Well, you too would be harsh if 5 out of 6 hydrangeas that were planted in clients’ gardens, 2 of them Invincibelle Spirit, turned black and withered; those that bloomed did so on a flimsy and minuscule scale and when they were done, drooped and turned black.

What did you do with the unsuccessful hydrangeas?

As they represented a significant investment, I could not bring myself to discard. Instead, I replanted them in my test garden.

And what happened next?

All of the allegedly dead hydrangeas immediately began growing new foliage and, by the following year, flourished impressively, just as the grower had promised.

That you had to replace 5 hydrangeas in your clients’ garden was unfortunate and your frustration with the plant’s failure to impress was understandable. But, was it necessary to bad mouth Invincible Spirit? Why, just look at the sublime photo above, taken this season in your garden. Aren't the soft pink globes beautiful?

Yes, they are. I think my reaction last season was prompted by the grower who promised a lush pink flowering SHRUB, but neglected to alert gardeners not only to be patient, but also to expect the plant to behave as a perennial. In addition, my abrupt judgement was facilitated by gardening colleagues who also complained about drooping mop heads that turned black when they were spent.

Did everyone associated with this plant, from grower to writer, get it wrong? What is so bad if a plant droops? Don’t some of your gardening friends stake their white Hydrangeas Annabelle to prevent them from drooping? How many perennials in your garden need support, anyway? Baptisia, Peony, Delphinium, Platycodon, Anthemis? All of them, depending on their location in relation to the sun, might need staking. Whats wrong with supporting Invincibelle Spirit, as well? You already own the bamboo sticks and the green plastic twine. Now, you have another plant to tie up. Just because the grower made a mistake by calling this a shrub, when clearly it is performing as a perennial, is no reason to refrain from staking it. Simply add it to the list of perennials that require maintenance. As for the heads that turn black, have you never seen a head turn black before? Why the fuss? Belacamda’s large seed pods are black, as are the pods of Baptisia. And what about the ugly black dead heads of Rudbekia? You never complain about them. Can’t Invincibelle Spirit be dead headed throughout the growing season, just as some other perennials are?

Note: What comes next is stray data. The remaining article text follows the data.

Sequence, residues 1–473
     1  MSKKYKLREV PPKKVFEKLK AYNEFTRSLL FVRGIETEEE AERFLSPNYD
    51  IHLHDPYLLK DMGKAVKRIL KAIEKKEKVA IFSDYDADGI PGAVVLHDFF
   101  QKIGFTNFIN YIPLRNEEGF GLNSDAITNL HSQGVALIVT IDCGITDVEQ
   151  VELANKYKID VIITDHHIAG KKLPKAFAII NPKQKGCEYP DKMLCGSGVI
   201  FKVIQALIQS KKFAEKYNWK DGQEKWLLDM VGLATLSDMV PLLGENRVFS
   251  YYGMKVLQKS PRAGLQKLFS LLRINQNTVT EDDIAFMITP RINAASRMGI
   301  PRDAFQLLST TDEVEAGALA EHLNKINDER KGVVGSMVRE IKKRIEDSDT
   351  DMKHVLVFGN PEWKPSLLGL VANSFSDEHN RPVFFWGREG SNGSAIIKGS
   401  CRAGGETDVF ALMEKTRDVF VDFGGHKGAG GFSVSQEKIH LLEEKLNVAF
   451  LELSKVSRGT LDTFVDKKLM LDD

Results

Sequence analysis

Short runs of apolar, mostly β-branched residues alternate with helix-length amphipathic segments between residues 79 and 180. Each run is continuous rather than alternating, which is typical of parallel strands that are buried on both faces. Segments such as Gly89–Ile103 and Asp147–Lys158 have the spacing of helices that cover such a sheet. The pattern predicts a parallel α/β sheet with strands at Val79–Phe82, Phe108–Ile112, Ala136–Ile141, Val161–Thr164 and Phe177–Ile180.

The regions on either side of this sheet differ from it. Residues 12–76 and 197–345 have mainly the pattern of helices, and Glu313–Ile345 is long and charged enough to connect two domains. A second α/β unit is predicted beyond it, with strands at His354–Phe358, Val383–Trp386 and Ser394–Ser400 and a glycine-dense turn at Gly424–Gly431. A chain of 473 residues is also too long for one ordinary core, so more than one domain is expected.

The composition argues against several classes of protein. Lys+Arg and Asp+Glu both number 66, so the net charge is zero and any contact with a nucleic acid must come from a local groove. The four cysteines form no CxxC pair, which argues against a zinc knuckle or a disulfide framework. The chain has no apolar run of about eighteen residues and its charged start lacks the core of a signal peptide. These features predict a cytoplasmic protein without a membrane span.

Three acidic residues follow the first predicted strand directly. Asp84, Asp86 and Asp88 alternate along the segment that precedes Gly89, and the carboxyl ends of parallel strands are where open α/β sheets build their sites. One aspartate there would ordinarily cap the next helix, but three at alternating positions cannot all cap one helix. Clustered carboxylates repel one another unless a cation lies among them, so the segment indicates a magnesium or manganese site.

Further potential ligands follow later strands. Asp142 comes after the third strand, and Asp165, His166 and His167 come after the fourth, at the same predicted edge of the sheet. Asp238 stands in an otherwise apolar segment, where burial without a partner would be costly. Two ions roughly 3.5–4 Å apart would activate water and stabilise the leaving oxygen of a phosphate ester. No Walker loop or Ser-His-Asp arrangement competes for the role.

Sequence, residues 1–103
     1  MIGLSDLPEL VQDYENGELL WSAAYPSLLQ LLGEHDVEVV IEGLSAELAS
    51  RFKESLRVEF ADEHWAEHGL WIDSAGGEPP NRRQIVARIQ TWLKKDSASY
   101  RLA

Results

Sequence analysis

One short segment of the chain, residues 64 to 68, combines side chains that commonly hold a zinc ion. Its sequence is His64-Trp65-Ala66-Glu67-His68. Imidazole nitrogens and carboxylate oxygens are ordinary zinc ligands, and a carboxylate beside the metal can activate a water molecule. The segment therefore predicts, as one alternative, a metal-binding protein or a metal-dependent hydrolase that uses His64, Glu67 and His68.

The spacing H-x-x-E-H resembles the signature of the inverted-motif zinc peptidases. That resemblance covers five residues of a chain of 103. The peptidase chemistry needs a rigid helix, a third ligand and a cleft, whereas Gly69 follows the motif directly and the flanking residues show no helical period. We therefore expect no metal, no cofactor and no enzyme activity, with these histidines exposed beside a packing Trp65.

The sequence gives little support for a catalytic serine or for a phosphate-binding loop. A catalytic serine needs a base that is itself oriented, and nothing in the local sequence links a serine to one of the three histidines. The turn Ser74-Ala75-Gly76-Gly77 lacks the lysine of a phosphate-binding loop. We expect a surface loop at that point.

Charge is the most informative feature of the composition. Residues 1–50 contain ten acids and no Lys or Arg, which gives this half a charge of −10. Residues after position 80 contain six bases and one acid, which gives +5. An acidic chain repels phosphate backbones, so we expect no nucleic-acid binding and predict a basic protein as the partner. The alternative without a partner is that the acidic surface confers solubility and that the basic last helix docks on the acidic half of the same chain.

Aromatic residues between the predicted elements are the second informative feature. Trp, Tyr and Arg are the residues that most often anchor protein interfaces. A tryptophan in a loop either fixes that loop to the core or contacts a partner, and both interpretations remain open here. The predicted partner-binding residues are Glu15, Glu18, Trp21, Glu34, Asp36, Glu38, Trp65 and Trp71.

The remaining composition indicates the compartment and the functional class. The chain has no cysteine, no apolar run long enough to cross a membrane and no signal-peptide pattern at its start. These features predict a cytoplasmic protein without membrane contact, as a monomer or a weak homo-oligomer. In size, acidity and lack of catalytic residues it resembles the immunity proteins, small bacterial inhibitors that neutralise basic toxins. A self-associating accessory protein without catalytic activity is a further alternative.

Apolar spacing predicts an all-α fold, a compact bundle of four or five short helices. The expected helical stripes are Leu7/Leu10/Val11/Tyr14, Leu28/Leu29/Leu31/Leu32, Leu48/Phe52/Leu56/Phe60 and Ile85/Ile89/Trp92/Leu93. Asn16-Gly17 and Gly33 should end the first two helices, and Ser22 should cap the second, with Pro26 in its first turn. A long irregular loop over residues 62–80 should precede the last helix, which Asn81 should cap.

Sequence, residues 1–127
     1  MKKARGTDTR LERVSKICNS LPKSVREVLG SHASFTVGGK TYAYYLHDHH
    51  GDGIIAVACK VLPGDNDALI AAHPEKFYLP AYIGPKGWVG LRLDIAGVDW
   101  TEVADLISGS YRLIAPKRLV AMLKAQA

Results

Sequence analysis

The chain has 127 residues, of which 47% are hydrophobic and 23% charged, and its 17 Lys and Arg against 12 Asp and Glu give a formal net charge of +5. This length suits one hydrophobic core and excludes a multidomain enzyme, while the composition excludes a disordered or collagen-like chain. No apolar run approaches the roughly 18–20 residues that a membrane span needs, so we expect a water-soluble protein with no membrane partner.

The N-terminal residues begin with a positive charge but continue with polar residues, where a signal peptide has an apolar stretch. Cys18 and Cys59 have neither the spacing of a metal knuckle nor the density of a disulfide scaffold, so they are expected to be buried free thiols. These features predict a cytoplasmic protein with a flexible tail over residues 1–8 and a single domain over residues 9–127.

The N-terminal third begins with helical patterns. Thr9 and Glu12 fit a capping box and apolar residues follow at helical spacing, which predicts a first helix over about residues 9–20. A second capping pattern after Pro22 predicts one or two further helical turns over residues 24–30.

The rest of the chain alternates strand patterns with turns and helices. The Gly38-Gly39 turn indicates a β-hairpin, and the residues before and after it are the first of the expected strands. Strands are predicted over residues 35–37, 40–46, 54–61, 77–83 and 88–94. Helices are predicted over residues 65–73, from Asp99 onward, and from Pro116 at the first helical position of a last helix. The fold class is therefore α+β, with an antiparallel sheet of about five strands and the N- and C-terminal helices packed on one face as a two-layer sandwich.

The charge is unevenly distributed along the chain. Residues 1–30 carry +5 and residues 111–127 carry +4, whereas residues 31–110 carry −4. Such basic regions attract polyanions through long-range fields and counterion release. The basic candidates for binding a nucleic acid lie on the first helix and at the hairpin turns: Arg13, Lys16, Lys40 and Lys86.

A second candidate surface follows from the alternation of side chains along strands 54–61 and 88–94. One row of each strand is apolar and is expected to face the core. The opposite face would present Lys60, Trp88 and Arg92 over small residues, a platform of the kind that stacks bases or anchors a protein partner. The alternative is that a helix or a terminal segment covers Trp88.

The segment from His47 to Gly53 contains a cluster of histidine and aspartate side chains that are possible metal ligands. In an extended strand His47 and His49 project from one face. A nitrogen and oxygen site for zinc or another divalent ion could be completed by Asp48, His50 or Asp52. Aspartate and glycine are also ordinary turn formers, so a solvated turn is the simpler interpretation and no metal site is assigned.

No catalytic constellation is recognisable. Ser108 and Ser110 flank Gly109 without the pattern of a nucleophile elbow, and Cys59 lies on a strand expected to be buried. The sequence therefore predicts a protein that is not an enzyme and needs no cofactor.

Of course it can be staked and deadheaded. There is no reason not to do so. The second photo above reflects an attractive, staked Invincibelle Spirit, in its second year in my garden. Actually, it has generated many positive comments from passers-by who have compared it to a pink Phlox paniculata. [ Yes, this season I moved it to the front garden where all can appreciate it ].Just like some perennials do, Invincibelle Spirit needs staking, the flower heads turn black, and the plant starts off scraggly, taking a year or two in the garden before it looks impressive. In retrospect, this is not a traditional hydrangea bush. To Proven Winners, who are responsible for introducing it to North America, say after me:- For the greatest pleasure, and to avoid disappointment, treat Invincibelle Spirit as a perennial.


Designing for Others and Ourselves